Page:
Credit Constraints, Cyclical Fiscal Policy and Industry Growth
David Hemous and
No 7359, CEPR Discussion Papers from C.E.P.R. Discussion Papers
This paper evaluates whether the cyclical pattern of fiscal policy can affect growth. We first build a simple endogenous growth model where entrepreneurs can invest either in short-run projects or in long-term growth enhancing projects. Long-term projects involve a liquidity risk which credit constrained firms try to overcome by borrowing on the basis of their short-run profits. By increasing firms' market size in recessions, a countercyclical fiscal policy will boost investment in productivity-enhancing long-term projects, and the more so in sectors that rely more on external financing or which display lower asset tangibility. Second, the paper tests this prediction using Rajan and Zingales (1998)'s diff-and-diff methodology on a panel data sample of manufacturing industries across 17 OECD countries over the period 1980-2005. The evidence confirms that the positive effects of a more countercyclical fiscal policy on value added growth, productivity growth, and R&D expenditure, are indeed larger in industries with heavier reliance on external finance or lower asset tangibility.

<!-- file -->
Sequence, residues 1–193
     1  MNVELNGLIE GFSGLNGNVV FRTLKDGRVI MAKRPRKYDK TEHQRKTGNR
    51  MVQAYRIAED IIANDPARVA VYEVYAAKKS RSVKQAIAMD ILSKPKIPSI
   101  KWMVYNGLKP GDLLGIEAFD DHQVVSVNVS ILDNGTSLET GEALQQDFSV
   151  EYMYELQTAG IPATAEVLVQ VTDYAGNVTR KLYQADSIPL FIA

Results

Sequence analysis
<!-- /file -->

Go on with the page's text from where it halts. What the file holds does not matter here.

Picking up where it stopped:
Keywords: counter-cyclicality; financial dependence; fiscal policy; growth (search for similar items in EconPapers)
JEL-codes: E32 E62 (search for similar items in EconPapers)
New Economics Papers: this item is included in nep-bec, nep-mac and nep-ppm
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Working Paper: Credit Constraints, Cyclical Fiscal Policy and Industry Growth (2014)
Working Paper: Credit Constraints, Cyclical Fiscal Policy and Industry Growth (2009)
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